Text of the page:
Movie review: ‘El Bulli’
The documentary “El Bulli: Cooking in Progress” offers a fascinating glimpse behind the scenes at the Spanish restaurant hailed as the most influential eatery in the world.
The film starts by following chef Ferran Adrià and his staff through the six months it took to design and create the menu for the 2008-2009 season. (The restaurant closed for good this past summer.) Adrià and his staff vigorously rethink the very idea of fine dining, creating meals that are inventive and odd, part science, part craft and with perhaps just a hint of magic.
This is not comfort food by any stretch but rather an intellectualized distillation of flavors and ideas in which process and presentation really matter — although meals could stretch up to 50 courses, so presumably no one went home hungry.
The film, directed by German documentarian Gereon Wetzel, is made in the traditional vérité style of no direct interviews, minimal graphics and precious little info besides what simply happens before the camera. Adrià's philosophy of food emerges through watching him work; the look on his face as he tries dish after dish, the level of concentration applied to getting an ice vinaigrette just so, explains it all.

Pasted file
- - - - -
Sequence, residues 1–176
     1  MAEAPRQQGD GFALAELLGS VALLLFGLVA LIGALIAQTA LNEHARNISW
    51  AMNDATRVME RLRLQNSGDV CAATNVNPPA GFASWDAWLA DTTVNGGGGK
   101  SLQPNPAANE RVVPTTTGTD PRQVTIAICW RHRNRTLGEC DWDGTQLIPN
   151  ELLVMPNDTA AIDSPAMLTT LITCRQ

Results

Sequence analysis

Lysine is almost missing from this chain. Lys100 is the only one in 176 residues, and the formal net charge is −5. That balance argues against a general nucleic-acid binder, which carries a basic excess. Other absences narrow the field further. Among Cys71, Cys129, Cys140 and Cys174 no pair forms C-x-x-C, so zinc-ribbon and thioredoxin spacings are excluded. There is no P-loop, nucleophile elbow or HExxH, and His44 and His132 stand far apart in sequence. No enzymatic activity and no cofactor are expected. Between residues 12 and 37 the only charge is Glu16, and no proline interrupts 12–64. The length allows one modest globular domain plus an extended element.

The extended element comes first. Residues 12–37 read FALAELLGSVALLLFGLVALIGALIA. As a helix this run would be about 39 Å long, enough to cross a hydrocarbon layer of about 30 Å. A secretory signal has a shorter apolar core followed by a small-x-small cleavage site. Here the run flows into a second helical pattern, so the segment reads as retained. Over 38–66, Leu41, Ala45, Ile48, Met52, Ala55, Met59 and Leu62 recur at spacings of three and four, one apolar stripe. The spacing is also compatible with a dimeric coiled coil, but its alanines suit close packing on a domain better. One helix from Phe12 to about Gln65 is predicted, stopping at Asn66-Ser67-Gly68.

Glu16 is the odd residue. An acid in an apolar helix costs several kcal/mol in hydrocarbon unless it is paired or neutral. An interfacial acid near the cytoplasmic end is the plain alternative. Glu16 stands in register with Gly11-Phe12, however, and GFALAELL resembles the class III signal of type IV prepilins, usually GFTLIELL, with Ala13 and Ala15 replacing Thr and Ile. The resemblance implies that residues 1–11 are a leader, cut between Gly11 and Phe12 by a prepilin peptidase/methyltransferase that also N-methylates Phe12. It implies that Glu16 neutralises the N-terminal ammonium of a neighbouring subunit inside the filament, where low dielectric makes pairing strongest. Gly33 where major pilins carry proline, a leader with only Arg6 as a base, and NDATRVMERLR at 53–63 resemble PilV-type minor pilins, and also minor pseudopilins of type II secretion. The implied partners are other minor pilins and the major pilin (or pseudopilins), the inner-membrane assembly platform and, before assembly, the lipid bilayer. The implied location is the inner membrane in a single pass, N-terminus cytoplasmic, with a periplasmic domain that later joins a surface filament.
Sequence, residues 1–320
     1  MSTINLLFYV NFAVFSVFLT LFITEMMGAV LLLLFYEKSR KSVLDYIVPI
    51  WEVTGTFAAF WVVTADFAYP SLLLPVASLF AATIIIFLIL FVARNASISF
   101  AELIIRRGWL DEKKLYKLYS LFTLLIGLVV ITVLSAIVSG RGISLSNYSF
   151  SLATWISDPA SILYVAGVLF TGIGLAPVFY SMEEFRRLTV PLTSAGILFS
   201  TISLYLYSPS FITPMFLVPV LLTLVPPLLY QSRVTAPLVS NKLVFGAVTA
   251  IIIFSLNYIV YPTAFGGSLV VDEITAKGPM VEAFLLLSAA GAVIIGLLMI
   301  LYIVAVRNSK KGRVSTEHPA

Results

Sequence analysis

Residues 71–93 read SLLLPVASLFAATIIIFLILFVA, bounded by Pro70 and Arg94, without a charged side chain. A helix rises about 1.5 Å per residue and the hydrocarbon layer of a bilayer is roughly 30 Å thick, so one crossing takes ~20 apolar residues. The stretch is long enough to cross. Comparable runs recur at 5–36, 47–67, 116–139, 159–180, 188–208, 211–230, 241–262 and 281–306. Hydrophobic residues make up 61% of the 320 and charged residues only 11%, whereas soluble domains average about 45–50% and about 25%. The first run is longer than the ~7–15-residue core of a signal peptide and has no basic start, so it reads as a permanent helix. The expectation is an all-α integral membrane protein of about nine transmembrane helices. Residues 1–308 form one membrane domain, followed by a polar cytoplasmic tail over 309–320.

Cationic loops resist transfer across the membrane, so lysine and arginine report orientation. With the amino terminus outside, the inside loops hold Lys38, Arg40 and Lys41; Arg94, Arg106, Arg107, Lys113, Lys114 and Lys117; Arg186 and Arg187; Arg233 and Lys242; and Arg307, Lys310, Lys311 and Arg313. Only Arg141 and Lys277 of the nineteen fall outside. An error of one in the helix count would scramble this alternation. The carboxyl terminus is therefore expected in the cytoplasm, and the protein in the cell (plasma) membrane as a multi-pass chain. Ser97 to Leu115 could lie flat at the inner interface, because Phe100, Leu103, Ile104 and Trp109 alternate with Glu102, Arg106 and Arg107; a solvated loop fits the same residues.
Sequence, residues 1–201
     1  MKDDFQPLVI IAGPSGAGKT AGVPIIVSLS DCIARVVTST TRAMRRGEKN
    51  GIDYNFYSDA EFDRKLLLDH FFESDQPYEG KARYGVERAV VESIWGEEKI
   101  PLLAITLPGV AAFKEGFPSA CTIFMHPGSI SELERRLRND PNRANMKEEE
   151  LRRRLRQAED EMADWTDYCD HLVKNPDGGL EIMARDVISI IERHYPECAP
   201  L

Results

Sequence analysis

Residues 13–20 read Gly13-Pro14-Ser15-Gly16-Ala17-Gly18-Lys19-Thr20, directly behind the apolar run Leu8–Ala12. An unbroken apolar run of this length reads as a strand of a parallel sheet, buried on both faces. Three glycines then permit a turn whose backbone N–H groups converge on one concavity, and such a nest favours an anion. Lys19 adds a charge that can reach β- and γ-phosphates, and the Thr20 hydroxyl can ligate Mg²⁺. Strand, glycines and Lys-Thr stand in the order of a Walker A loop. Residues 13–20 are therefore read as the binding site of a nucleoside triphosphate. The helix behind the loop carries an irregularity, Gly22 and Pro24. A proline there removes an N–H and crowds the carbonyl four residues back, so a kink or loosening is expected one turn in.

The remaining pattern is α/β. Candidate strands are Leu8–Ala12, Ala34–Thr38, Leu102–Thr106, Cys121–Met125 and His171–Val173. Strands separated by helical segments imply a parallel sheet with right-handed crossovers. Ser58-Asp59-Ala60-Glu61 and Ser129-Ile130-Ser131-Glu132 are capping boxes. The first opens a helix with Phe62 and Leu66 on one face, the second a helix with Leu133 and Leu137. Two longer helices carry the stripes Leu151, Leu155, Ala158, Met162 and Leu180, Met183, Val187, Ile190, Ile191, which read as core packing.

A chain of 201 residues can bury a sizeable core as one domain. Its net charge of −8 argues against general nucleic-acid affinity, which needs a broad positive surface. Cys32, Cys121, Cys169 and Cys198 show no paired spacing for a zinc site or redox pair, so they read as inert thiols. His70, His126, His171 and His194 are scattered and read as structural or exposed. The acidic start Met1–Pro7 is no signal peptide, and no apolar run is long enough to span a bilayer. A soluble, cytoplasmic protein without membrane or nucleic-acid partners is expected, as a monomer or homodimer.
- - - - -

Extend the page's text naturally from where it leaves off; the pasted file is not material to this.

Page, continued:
Calling the staff of El Bulli “foodies” seems too insignificant and superficial, as they are scientists of taste, pushing the limits of their field.
“El Bulli: Cooking in Progress.” No MPAA rating. In French, English and Catalan with English subtitles. Running time: 1 hour, 48 minutes. At Laemmle’s Sunset 5, West Hollywood; Laemmle’s Playhouse 7, Pasadena; Laemmle’s Town Center 5, Encino; Laemmle’s Claremont 5, Claremont.
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